Light Bulb Types: Color, Energy-Efficiency and Safety
Choose light bulb types that suit your lighting and home energy needs.
There is a large variety of light bulb types on the market today. The cost, light quality and safety quality of these types are widely varied, and it is an important part of any lighting design to understand the types and their strengths and weaknesses. Mistakes can lead to poor use of color, areas that are too bright or too dim and higher energy costs.
The different types of light bulbs ultimately vary in just a few areas, each of which needs to be taken account of in lighting decisions:
- Color: Even “white” lights are rarely white. They usually highlight certain color choices such as reds, blues, yellows and even greens.
- Energy Efficiency: An energy-saver light bulb is a light bulb that can deliver more light per watt than other bulbs. The more light per watt a bulb produces, the more efficient it is.
- Safety: Different types of light have different safety issues. Some have specific handling requirements, while others include toxic components.
- Cost: Some light bulb types are more expensive than others. Energy-efficient bulbs are cheaper to run but more expensive to purchase, for example.
- Versatility: Some light bulb types may be more difficult to dim than others, while others may not yet be usable in many light fixtures.
As you can see, there is a lot to consider when choosing light bulb types. However, I will now go through their strengths and weakness, so that you may make the best decision for you.
When we imagine a light bulb going on over someone’s head when they get an idea, it is almost always an incandescent light bulb. This is because incandescent bulbs are the original light bulb, and were virtually the only option until twenty-five years ago. These light bulbs operate by putting a current through a tungsten filament. The filament then heats up and glows, providing light.
Incandescent bulbs have a number of advantages. First, their light is ideal for lighting human faces. Incandescent bulbs are a pink-colored light, so they bring out the reds in things. People look healthier and even happier under incandescent lights. Second, incandescent bulbs are the cheapest bulbs available, largely because they have been so heavily produced over the last hundred years. Finally, incandescent bulbs can be used in almost any light fixture, especially in lamps, because electric lighting has largely relied on incandescent bulbs for most of its history.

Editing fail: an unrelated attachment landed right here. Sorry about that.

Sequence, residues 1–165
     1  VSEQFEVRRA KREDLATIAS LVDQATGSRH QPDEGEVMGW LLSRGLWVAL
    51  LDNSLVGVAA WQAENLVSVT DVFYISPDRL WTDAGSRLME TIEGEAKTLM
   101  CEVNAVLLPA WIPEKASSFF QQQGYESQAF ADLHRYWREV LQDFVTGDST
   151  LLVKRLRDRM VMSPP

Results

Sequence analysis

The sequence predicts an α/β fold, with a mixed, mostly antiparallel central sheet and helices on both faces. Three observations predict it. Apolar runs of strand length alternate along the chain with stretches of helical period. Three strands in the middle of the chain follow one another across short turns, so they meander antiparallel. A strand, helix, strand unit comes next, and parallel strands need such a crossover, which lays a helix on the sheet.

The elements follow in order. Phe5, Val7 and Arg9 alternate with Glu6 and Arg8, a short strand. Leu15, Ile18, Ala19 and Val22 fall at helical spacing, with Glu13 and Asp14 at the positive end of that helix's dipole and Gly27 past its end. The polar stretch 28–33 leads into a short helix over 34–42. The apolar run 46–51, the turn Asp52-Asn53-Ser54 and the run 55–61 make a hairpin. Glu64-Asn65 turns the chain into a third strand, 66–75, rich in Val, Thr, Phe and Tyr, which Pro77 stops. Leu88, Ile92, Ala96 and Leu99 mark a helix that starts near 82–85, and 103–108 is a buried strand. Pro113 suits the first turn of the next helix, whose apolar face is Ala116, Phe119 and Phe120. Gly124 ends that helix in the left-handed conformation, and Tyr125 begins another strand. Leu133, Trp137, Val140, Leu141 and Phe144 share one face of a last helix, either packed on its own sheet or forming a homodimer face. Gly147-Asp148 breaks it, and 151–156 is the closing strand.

Nonetheless, there are a number of disadvantages of incandescent bulbs. By far the most serious is their terrible energy efficiency, as they are the least efficient of all light bulb types. Incandescent bulbs release eighty- to ninety-percent of their energy in heat, not light. This means that they produce very low light or lumens per watt, about a quarter of that of fluorescent. This increases their energy cost and also strains energy production to the point that some jurisdictions like California and Ontario have banned them. The second major disadvantage to incandescent lights is that they are very hot. This can be a safety issue as it turns light fixtures into fire hazards if they touch something else.
Halogen bulbs were one of the first light bulb types to challenge incandescent bulbs for supremacy. They work similarly to an incandescent bulb, in that they use an electrified tungsten filament to produce light, but they have a small amount of a halogen gas inside the bulb. This causes the burned tungsten to be redeposited back on the filament, which makes the bulb last longer and changes the color of the light. They are very commonly low voltage 12V light bulbs or 24V light bulbs.
Halogen bulbs have a number of advantages. They are still a pink light, suitable for lighting human faces, but they are not quite as pink as incandescent lights. Sometimes, you’ll hear halogen bulbs described as a “white light”, but this isn’t accurate. Calling them “white” is like saying that Phoenix is an east coast city because it is east of Los Angeles. Halogen light is whiter than incandescent light, but it is still pink. The overall cost of halogen bulbs is comparable to that of incandescent bulbs. Though they are substantially more expensive to purchase, they last much longer, so it evens out in the long run.
Halogen bulbs have most of the same disadvantages as incandescent bulbs. They are about fifty-percent more energy efficient that incandescent light bulbs, but even this is still very inefficient. The vast majority of their electricity is wasted in heat. They are usually even hotter than incandescent bulbs, because they are designed to burn more brightly. They also cannot be touched by bare hands, as oil on them may cause them to burn out or even explode.